• To aid nesting birds in egg production, place crushed eggshells or oyster shells (available from a farmers feed store) in the feeder. 
  • To deter squirrels, keep the feeder at least six feet away from things squirrels can leap off of, such as overhanging branches and eaves, on isolated poles at least five feet off the ground. Use a baffle on the pole (e.g., a PVC pipe or stovepipe that's 6 inches in diameter and 18 inches long, a special squirrel-deterring dish with a 15-inch diameter, or an inverted cone with at least a 13-inch diameter.) Protect feeders suspended from a horizontal wire by threading old records, compact discs, or plastic soda bottles on the wire on each side. The Absolute II bird feeder is one that is actually almost squirrel proof.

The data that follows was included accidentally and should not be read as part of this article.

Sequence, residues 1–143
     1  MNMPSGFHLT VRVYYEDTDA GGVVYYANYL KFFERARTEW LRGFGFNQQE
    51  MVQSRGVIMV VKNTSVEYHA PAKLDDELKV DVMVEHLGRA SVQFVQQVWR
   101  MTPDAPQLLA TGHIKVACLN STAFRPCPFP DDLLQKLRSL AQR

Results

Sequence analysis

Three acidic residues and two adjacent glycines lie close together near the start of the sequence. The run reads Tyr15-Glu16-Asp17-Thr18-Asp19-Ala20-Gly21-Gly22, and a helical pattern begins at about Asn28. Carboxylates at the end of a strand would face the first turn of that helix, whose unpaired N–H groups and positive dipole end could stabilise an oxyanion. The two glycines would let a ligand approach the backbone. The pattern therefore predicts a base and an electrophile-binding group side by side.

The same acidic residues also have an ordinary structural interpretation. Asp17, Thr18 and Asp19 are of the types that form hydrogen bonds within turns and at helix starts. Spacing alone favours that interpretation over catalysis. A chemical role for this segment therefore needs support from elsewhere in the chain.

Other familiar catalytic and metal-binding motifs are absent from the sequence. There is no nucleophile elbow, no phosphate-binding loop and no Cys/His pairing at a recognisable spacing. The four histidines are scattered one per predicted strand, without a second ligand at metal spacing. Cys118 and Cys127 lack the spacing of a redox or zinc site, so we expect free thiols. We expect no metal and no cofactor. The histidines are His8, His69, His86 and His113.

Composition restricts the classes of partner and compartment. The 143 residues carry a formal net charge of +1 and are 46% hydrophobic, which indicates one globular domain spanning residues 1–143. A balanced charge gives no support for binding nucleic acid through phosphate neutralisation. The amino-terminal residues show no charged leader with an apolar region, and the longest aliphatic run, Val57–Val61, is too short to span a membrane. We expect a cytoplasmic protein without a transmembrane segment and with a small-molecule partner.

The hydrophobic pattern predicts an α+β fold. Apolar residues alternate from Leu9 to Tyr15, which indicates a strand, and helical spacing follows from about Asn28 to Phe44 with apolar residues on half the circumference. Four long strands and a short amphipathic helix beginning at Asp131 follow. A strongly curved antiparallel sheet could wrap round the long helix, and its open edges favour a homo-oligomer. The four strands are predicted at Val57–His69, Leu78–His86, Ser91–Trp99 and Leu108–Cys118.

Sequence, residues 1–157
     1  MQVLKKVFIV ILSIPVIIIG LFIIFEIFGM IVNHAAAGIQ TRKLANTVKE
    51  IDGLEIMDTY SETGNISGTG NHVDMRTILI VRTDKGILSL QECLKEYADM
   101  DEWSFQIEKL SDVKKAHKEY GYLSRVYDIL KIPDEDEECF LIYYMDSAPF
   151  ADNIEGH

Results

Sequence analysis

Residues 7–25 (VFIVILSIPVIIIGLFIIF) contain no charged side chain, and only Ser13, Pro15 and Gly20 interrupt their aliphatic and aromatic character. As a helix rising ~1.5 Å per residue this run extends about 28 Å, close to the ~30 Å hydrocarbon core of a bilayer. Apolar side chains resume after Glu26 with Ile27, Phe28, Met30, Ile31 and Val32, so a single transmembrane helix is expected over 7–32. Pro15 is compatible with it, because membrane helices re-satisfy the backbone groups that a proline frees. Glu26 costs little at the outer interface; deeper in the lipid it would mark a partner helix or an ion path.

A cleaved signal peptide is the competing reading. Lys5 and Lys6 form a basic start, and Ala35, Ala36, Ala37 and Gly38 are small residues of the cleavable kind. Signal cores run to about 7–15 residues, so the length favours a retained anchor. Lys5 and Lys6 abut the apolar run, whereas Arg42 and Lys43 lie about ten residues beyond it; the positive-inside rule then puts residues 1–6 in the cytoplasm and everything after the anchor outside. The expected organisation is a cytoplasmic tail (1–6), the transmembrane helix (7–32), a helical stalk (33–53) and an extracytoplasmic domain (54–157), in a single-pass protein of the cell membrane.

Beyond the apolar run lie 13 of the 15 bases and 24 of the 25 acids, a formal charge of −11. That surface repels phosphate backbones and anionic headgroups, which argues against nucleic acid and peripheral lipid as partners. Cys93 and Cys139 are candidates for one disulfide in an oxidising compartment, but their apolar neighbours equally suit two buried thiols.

Provide water sources: Butterflies use mud puddles, and birds prefer birdbaths or shallow ponds. Birdbaths should be no more than 3" deep, with gently sloping sides, and a rough surface to provide good footing. Remember to change the water every few days to keep it fresh.  A bird bath may be placed on the ground or on a pedestal. It should be 15 feet away from shrubs or trees where cats may hide, but provide a perch nearby. Dripping water is very attractive to birds.  A heated birdbath will provide water all through the winter. Any creek, springs or wetlands on your property should be preserved. Natural breeding pools, called vernal pools, are very important.  Vernal pools are usually located in small depressions or swales that collect spring snow melt or another runoff.  They often dry up in the summer, but support amphibians such as spring peepers, wood frog, and spotted and Jefferson salamanders, along with many invertebrates such as insects, snails and tiny clams. Protect them from pollution or major alteration of vegetation immediately surrounding them.  Brush piles and fallen logs provide shelter and concealment from predators.